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The Postman Always Rings Twice (1981)

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The sensuous wife of a lunch wagon proprietor and a rootless drifter begin a sordidly steamy affair and conspire to murder her Greek husband.


Bob Rafelson


James M. Cain (novel), David Mamet (screenplay)
1 win & 1 nomination. See more awards »



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Cast overview, first billed only:
Jack Nicholson ... Frank Chambers
Jessica Lange ... Cora Papadakis
John Colicos ... Nick Papadakis
Michael Lerner ... Mr. Katz
John P. Ryan ... Kennedy
Anjelica Huston ... Madge
William Traylor William Traylor ... Sackett
Thomas Hill Thomas Hill ... Barlow (as Tom Hill)
Jon Van Ness ... Motorcycle Cop
Brian Farrell Brian Farrell ... Mortenson
Raleigh Bond Raleigh Bond ... Insurance Salesman
William Newman ... Man from Home Town
Albert Henderson Albert Henderson ... Art Beeman
Ken Magee Ken Magee ... Scoutmaster
Eugene Peterson Eugene Peterson ... Doctor


This remake of the 1946 movie of the same name accounts an affair between a seedy drifter and a seductive wife of a roadside café owner. This begins a chain of events that culminates in murder. Written by Craig Clarke <clarkec@topaz.cqu.edu.au>

Plot Summary | Add Synopsis


In the heat of passion two things can happen. The second is murder. See more »


R | See all certifications »

Parents Guide:

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USA | West Germany


English | Greek

Release Date:

20 March 1981 (USA) See more »

Also Known As:

El cartero llama dos veces See more »


Box Office


$12,000,000 (estimated)

Gross USA:


Cumulative Worldwide Gross:

See more on IMDbPro »

Company Credits

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Technical Specs


Sound Mix:



Color (Metrocolor)

Aspect Ratio:

1.85 : 1
See full technical specs »

Did You Know?


This is one of two film versions of Cain's novel that is now owned by Warner Brothers Entertainment, which acquired the film through its 1989 purchase of Lorimar. Warner Brothers also owns the 1946 MGM version, which was part of the pre-1986 MGM library acquired by Turner Entertainment in 1986 (which merged with Warner Brothers in 1996). MGM was responsible for the first video release of the 1981 version, through its joint venture with CBS, MGM/CBS Home Video, which held the video rights to Lorimar's library at the time. When CBS left the MGM joint venture (reorganized as MGM/UA Home Video) to team up with 20th Century Fox, it took the Lorimar video rights with them. See more »


(at around 1h 35 mins) When Cora walks to the door of the café after coming back from her mother's, her zipper and zipper pull show. What we see is an "invisible" zipper which were not invented until the early 1960's. See more »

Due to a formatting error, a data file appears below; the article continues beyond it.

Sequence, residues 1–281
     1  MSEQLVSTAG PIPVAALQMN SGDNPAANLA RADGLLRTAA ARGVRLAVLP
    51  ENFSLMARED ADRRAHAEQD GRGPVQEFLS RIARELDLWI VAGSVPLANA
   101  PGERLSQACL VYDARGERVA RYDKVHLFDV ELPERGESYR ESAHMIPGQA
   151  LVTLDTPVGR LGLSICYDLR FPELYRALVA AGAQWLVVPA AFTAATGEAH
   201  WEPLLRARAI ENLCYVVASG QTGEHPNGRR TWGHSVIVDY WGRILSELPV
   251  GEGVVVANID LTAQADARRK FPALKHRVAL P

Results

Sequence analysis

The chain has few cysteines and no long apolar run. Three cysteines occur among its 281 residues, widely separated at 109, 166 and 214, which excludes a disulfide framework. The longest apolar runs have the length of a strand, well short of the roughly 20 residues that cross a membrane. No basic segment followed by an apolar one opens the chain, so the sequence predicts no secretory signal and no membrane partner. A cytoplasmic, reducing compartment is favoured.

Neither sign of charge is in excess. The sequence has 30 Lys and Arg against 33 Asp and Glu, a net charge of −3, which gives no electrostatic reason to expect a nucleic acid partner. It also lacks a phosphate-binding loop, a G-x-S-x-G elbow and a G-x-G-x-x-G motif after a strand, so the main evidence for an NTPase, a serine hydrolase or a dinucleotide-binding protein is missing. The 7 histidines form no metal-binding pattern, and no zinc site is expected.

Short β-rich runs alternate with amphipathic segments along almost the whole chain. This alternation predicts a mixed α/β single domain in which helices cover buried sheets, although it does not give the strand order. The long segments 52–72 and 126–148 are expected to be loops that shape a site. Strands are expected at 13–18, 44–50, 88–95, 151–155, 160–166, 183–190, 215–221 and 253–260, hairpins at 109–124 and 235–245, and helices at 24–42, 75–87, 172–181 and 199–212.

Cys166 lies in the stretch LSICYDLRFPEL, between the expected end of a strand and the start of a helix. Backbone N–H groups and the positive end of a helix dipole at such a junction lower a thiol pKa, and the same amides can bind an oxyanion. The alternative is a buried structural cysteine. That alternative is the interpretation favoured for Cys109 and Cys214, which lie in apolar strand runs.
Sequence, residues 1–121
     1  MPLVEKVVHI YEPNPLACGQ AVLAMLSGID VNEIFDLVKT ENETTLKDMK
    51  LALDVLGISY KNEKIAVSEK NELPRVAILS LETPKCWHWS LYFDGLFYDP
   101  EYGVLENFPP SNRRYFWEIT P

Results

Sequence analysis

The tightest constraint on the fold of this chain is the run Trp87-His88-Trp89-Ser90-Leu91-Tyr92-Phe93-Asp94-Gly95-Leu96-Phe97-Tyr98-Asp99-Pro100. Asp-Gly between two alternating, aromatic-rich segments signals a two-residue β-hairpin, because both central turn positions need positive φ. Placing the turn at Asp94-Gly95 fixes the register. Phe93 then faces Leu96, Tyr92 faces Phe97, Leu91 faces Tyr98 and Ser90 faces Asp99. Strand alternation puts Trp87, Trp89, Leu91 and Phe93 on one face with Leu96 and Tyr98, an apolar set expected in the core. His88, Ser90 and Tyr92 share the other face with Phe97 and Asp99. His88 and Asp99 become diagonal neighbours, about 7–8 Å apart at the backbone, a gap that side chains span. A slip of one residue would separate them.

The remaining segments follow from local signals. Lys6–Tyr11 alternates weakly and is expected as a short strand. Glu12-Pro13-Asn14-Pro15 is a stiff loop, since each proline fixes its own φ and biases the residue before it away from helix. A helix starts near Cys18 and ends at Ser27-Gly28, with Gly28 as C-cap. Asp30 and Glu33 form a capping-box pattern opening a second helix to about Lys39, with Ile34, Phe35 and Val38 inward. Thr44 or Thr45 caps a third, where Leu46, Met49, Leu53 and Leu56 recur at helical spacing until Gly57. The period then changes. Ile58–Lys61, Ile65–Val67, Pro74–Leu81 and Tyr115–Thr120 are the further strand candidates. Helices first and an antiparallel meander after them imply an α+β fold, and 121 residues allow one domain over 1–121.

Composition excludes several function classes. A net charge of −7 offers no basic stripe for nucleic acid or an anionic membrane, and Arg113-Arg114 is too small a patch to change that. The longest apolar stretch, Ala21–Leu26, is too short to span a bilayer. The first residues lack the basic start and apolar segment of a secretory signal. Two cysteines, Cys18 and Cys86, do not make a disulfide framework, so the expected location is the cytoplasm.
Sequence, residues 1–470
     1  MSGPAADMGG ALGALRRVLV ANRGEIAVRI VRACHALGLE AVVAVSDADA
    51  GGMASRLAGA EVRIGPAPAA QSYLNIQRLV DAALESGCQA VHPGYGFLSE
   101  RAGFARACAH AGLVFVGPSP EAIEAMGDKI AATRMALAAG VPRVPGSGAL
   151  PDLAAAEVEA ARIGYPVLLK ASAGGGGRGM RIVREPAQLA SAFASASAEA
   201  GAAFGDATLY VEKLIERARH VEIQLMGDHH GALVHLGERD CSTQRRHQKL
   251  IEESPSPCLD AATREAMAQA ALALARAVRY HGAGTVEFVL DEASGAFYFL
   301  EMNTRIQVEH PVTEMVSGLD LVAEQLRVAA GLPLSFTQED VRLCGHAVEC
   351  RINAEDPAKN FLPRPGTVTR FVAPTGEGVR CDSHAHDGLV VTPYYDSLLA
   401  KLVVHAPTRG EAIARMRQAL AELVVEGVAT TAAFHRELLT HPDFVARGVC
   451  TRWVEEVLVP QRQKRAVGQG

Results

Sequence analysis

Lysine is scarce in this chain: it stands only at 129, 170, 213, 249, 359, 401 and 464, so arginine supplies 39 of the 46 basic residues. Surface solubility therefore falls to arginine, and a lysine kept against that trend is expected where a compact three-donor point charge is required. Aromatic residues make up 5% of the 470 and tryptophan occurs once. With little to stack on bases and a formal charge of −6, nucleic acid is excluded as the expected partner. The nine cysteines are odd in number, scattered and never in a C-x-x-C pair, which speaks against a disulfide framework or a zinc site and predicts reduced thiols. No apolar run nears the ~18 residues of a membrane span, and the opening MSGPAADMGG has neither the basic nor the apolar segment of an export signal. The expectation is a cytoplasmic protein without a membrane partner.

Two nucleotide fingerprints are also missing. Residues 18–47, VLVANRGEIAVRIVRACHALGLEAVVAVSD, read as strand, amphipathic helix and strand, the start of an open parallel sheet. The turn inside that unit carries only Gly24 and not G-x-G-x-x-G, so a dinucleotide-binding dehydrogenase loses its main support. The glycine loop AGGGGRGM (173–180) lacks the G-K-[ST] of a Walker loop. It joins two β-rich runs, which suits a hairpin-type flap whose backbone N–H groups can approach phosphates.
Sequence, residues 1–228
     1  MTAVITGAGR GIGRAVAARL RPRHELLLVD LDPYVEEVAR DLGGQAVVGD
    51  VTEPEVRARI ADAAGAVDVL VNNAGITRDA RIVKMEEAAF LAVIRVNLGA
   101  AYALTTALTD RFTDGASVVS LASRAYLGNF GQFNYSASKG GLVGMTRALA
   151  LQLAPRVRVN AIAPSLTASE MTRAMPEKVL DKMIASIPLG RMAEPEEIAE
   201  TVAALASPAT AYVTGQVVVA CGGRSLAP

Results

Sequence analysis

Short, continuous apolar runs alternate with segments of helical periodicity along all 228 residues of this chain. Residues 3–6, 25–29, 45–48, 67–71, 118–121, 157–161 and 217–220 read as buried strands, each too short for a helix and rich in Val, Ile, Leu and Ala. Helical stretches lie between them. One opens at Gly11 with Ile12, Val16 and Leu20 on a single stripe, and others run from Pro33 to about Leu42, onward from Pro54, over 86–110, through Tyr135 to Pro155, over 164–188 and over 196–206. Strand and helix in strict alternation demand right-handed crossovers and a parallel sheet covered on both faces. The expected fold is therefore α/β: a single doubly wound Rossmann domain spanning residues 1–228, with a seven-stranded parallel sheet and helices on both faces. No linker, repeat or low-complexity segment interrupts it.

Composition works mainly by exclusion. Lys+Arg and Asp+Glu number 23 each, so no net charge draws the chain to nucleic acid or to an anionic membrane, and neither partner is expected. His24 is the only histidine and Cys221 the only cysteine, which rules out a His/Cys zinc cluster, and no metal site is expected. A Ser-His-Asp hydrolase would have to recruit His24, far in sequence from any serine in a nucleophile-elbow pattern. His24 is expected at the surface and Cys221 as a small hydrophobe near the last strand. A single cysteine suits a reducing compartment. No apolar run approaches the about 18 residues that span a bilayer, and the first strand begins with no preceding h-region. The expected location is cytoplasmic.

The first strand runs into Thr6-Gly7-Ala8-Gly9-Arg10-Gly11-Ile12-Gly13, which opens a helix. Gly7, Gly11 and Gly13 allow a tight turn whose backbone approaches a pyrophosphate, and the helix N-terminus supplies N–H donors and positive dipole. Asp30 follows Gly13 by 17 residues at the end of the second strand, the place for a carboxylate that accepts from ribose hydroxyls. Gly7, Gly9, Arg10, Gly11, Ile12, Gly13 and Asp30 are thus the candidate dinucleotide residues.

Cora: I'm getting tired of what's right and wrong.
Frank Chambers: They hang people for that, Cora!
See more »


Featured in Best! Movies! Ever!: Sex Scenes (2007) See more »

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User Reviews

What happened here?
22 November 2000 | by verna55See all my reviews

There are so many problems with this dull, listless filmization of the James M. Cain classic, where does one begin? Well, let's start from the beginning. It tries to compete with the great 1946 version. How do you top a film as brilliant as that? The answer is, you don't! Even if this new version does follow the original novel more closely, who cares? As the tragic, plotting lovers, Jessica Lange and Jack Nicholson have absolutely no chemistry whatsoever, so they generate very little heat in their allegedly steamy sex scenes. It's as if the filmmakers were so aware of the miscasting that they tried to disguise this by making the sex scenes between the duo more erotic, meaning more explicit. BIG MISTAKE! This just makes the lack of chemistry even more painfully obvious, and the sex scenes rather silly. Despite having virtually nothing in common, Nicholson and Lange can't keep their hands off of each other and do a lot of huffing and puffing. They go at it like two wild animals in heat, but this does little to make the film any more watchable or entertaining. Yes, Lange is even more breathtakingly beautiful than usual, and she brings more intensity and depth to the role than the script really required. But, whether she knows it or not, Nicholson is a constant thorn in her side. Sure, Jack is a great actor too, but, even though his character is a plotting murderer, there was a romantic edge to the role when John Garfield played it in 1946, and Nicholson does not have one bit of that romanticism. I still kringe when I think of him as the love interest in TERMS OF ENDEARMENT. How did he ever get to be cast in parts like that? Stay as clear from this as possible and settle only for the untoppable original.

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